Three of our experts recommend Gucci for quality loafers. They’re definitely a commitment at this price, but Myrick has had hers for four years and calls them “one of the best investments I’ve ever made.” She wears them so much that “they’re ready to be resoled,” she says. Grace Atwood, founder of The Stripe and co-host of Bad on Paper Podcast, has owned hers for a few years, too, and agrees, they’re completely worth the investment. Not only do they “go with everything from dresses to trousers to denim,” but she also thinks they’re “possibly even more comfortable than sneakers,” explaining that the “footbed molds to your foot,” so they “just get better with age.” And if you need any more convincing, she concludes, “I joke that they are the fancy lady version of Birkenstocks.”
If you plan to splurge, I suggest Sarah Flint, a favorite of celebrities like Meghan Markle, Kristen Stewart, and Amal Clooney. Yes, they’re pricey, but they’re worth every penny because the quality is unmatched. Her shoes require no painful break-in period — though they do get more comfortable with each wear — and while mine are fairly new, a friend of mine says hers still look right out of the box even after a few years of wear. For the pattern-averse among us, these also come in black and peach. And if you’re looking for a lovely gift for someone (and have a rather big budget), her shoes come wrapped in a beautiful blue box that’s sure to make any recipient happy.
These aren’t the exact ones I own — mine are a few seasons old and I bought them at an outlet store — but they’re pretty similar to the Stuart Weitzman’s I own. The brand is beloved for their boots, but I think their loafers are underrated. The leather is soft, so the break in time is minimal, and these also offer a convertible back, so you can wear them as a mule if you’d like. And if you already have black loafers, these come in two different shades of red.
If you’re looking for a heeled loafer, stylist Ryan Gale suggests looking to Labucq. “I’m obsessed with my cognac kitty loafers from Labucq. I feel like they were designed specifically for me,” she says, because they go so well with her wardrobe. Even though it is a heel, Gale notes that they’re actually “the perfect height and thickness” for morning commutes, and since it’s really only two inches high with a bit of a platform, they’re comfortable to wear for the entire day. As we mentioned, Gale owns this cognac color, but they also come in a neutral black and cream, plus two python patterns for those looking to jazz things up a bit.
Vivier admits these Church’s penny loafers do cross into the “splurge zone,” but promises “you’ll have them forever.” Unlike the other pricey loafers, though, these have a rubber sole, not leather, which doesn’t seem to mean much other than it might make them more comfortable right off the bat, instead of needing an extended break in time as leather definitely would. They come in two types of black — patent and matte — and brown.
Vivier also places these Celine loafers in “the luxe zone,” but says they’re worth the investment. “It is just the right amount of bling on your feet you need these days to pick-you-up when you’re mostly wearing your sweats,” she says. While Reid once was asked if her budget-friendly Weejuns were Celine, we’re sorry to say that they don’t have quite as many luxury details as these — the gold buckle and hand-stitched fringe — so you might have to splurge this time around if those are important to you. These are currently wait-list only, but the brand will email you once they’re back in stock if you’re set on these.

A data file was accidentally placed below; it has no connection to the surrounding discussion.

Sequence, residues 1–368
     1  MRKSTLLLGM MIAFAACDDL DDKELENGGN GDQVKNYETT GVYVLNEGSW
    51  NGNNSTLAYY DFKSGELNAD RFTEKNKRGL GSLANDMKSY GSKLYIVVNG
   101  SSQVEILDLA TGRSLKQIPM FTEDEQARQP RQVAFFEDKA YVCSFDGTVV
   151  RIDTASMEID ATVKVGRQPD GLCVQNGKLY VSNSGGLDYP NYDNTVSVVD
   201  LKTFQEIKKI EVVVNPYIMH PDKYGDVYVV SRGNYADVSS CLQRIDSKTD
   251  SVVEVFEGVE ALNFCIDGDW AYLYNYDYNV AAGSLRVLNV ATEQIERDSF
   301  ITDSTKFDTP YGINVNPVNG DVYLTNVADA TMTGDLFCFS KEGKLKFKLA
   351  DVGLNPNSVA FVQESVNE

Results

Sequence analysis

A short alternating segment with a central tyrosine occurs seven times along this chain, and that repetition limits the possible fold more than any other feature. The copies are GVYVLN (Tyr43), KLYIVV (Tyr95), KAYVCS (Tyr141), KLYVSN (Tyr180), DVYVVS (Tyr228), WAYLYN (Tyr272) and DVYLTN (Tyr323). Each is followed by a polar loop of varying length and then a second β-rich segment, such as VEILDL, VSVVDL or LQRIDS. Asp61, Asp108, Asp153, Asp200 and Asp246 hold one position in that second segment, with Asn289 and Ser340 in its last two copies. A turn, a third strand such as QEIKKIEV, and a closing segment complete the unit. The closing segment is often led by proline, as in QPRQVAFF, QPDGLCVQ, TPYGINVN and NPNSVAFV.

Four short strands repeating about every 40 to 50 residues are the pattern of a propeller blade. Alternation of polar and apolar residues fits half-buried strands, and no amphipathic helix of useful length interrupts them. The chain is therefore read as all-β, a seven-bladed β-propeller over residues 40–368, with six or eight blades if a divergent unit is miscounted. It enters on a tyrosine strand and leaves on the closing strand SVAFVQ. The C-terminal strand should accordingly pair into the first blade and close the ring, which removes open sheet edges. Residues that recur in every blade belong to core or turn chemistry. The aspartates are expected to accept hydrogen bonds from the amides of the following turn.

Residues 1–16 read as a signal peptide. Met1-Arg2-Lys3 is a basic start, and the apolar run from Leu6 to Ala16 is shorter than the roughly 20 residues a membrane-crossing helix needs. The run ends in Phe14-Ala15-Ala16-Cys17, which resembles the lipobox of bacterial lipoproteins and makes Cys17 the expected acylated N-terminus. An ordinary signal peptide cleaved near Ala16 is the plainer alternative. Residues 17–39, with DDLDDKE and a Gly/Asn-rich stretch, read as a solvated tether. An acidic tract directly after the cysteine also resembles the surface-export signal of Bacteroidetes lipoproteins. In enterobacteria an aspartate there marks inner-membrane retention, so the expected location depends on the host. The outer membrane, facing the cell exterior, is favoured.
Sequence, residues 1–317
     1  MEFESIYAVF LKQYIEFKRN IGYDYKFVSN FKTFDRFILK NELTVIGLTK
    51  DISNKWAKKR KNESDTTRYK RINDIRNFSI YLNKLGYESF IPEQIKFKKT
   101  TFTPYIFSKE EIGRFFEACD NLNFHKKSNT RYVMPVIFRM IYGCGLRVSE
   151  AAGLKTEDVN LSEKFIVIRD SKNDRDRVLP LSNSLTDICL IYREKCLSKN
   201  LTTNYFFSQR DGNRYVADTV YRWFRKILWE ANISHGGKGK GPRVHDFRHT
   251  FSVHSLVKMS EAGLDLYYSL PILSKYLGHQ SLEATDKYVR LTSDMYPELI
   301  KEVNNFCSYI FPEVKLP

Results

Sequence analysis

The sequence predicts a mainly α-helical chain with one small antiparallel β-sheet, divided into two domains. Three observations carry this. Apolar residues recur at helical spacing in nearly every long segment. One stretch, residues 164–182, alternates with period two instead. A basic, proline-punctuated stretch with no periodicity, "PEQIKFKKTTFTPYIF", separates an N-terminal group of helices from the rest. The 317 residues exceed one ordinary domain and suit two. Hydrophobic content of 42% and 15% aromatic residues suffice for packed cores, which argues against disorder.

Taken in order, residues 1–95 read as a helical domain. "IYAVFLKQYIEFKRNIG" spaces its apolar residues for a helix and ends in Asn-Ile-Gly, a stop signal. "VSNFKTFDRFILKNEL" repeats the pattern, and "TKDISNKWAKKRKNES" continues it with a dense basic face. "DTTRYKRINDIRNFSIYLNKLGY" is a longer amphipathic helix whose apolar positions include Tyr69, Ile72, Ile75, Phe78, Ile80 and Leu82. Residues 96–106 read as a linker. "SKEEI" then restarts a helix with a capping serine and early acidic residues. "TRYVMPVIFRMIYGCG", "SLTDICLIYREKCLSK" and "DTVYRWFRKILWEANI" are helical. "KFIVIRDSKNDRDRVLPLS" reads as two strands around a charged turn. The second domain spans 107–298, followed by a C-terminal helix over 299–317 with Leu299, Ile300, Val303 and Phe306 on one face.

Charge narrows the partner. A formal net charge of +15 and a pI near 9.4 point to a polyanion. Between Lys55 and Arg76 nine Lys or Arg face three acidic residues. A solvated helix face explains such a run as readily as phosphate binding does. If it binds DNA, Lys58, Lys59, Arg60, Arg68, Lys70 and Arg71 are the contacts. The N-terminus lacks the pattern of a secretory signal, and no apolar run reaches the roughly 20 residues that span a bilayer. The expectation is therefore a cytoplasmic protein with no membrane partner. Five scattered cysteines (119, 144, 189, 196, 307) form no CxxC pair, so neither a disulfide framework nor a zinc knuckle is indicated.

These are Kule’s favorite loafers. Her Weejuns are reliable and inexpensive, but these “are more delicate than the Bass loafers and made of super soft leather and a thinner sole,” she compares. “They are also cut extra narrow which gives them a little more of an elegant look.” She knows they’re expensive, but like our other luxury shoes, she thinks they’re “worth the investment,” especially because the “workmanship is meticulous” on these loafers.
Myrick doesn’t own these yet, but she says they’re on her “wish list for 2021” because she’s “always dreamed of a chunky loafer.” She admits these rubber-sole shoes are a bit “extravagant” but she swears you’ll get a lot of use out of them, whether you’re trying to dress up or throw them on with a pair of jeans.
For another slightly extravagant pick, Gale suggests these Burberry loafers. “I can’t wait to dress them up for all of my holiday festivities. I’m thinking babydoll dresses and funky tights,” she says. Plus, with the thick sole and flannel upper, they’re winter-appropriate, so you can wear them out in the cold weather with some warm socks, too, to get some good use out of them.
When Kule was in college, she “used to covet” loafers from J.M. Weston, but “they used to only make men’s shoes,” she explains. Now, they make women’s shoes, but they “keep the look very masculine,” she says, adding that “these are for women who love the look of men’s shoes.” They’re well-crafted and according to Kule, will last forever. They offer lots of different colors in this classic shape, but Kule thinks “the color to own in these are the brown classic box calf.”
Kristin Sudeikis, founder of dance workout studio FORWARD__Space, prefers the mule version of the previously recommended Gucci loafer. “I’m partial to a slip-on vibe because after dancing and kicking it in sneaks, it feels easy and cozy to just slip into the next shoe, y’know?” She likes these because they offer a “classic look, feel, and vibe.” Plus, the shearling feels great on sore, tired feet after a long day. But they also come in a (cheaper) non-shearling version, if you’d prefer.
For a Gucci mule dupe (at a fraction of the cost of the original), Sudeikis likes these. She was first drawn to the price point, but she says they still look nice and put together. For her, they work for a “quick and easy, sleek slip on” shoe, and they even have some nice details that some of the more expensive ones don’t, like the crocodile texture and gold chain.
“It’s really the structured square toe for me on these Sunni Sunni loafer mules,” says Gale. She loves “a good unisex brand,” and is specifically attracted to the silver chain on the foot, which she says “makes them tough and edgy.” These offer a higher heel than most of the loafers and mules recommended, but Gale says they’re comfortable nonetheless. She loves to wear hers “with wide leg denim or leather culottes and socks.”
“The luxe quality of their pieces truly feel just so good, especially on soles of the feet,” says Sudeikis of these supple leather Balenciaga mules. Like many of Balenciaga’s shoes, these have the classic logo on the toe — a flex, to be sure — but it’s fairly tasteful, so they’re not too flashy.